• 7.1.2.2
          La Valkyrietta says:

          MMII,

          Wonderful cute story. I don’t remember you telling it before, how you became an Only Maria Q. Mine is different, but it has similarities. I was a Tebaldi Q for years and had listened to Callas, but played mostly Tebaldi. The first complete opera record I ever got was Madama Butterfly, sometime in the middle to late 50s. Then one day in the later 60s I happen to get the Callas Butterfly, on Angel I think it was, and played it and was amazed, and when she does the final aria I had an epiphany and became an Only Maria Q. And then I got all her record within the next ten years, pirated or not. I would die if ever that Maria Butterfly from Chicago appears. Anyway, I still love Tebaldi, of course. Perhaps I still like Renata more than Maria in Boheme, but perhaps not. I like Joan, love Leonie and Nilsson, and there are others, but there is only one Maria. As Franco (who many love to dish nowadays) says in a documentary, “Maria, the glory of opera”. Perhaps I would like as much Pasta, Grisi, Malibran, but I never heard them.

          • marshiemarkII says:

            Vallyta, Amazing how we all Qs are basically all birds of a feather :-) (tu sabes lo que quiere decir pajaro en castellano ;-) )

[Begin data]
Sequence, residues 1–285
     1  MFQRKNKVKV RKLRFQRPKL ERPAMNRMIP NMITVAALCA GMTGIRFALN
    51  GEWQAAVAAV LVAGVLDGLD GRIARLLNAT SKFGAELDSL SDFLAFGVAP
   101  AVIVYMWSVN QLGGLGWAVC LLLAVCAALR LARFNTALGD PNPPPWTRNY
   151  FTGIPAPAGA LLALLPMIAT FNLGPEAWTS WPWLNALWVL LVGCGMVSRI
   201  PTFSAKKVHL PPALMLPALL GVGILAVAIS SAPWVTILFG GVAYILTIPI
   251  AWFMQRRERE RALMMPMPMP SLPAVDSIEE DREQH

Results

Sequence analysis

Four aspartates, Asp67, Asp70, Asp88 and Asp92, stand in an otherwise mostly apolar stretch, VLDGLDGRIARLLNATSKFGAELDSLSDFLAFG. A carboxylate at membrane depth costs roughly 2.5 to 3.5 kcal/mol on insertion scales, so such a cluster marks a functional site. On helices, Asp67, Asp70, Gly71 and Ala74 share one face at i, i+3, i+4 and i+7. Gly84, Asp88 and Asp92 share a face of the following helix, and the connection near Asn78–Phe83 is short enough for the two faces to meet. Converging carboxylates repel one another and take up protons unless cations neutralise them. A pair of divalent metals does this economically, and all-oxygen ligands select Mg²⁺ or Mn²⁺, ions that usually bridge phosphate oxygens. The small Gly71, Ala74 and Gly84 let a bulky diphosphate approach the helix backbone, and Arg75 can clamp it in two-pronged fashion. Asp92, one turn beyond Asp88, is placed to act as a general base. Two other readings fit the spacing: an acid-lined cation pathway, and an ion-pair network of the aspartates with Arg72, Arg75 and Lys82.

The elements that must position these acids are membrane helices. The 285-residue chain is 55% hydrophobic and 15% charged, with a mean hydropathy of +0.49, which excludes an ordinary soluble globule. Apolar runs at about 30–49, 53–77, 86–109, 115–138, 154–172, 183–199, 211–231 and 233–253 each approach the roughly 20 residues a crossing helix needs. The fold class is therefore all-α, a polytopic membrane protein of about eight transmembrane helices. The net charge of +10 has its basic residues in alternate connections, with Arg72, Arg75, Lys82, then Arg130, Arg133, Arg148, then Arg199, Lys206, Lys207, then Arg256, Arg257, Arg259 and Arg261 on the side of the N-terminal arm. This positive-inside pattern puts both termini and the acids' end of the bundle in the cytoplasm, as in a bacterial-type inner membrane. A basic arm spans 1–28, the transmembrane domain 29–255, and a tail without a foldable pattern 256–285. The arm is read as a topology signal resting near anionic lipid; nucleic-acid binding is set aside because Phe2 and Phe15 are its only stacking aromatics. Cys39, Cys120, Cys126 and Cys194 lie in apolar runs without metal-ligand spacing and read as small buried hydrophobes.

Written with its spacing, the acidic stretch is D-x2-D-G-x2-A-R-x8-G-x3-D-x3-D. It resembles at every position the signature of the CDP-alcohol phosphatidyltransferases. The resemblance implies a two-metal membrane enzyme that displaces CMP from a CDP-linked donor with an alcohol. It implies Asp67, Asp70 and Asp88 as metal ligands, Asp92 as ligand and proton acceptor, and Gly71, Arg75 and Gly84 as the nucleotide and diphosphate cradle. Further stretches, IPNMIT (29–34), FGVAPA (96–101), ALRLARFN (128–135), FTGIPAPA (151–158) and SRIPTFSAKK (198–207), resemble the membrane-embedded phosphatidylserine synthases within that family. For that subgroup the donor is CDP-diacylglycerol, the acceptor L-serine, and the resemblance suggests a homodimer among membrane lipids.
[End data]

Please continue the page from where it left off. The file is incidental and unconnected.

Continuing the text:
As a teen, I went from Lucia and Nabucco, to the other operas that were in my family’s collection, the standard fare Tosca and Butterfly with Tebaldi and Carmen and Traviata with VdlA. Eventually I acquired the Norma with Dame J, and soon became a Wagner Q with the Solti Ring and the Dutchman (Fi-Di) and a bit later the Flagstad Tristan. Once I became the Only Maria Q though, just like you, I started to obsessively buy everything, and lo and behold there was the Only Maria Butterfly, oh my God when I got to Che tua madre…., and then what to say about the Tu tu piccolo Iddio….. out went everything with Tebaldi :-)
            Today I love them all, but the Only Maria will always be well… the Only Maria :lol:

            • Lohenfal says:

              Liebster MMII,

              You’ve been in great form since your return.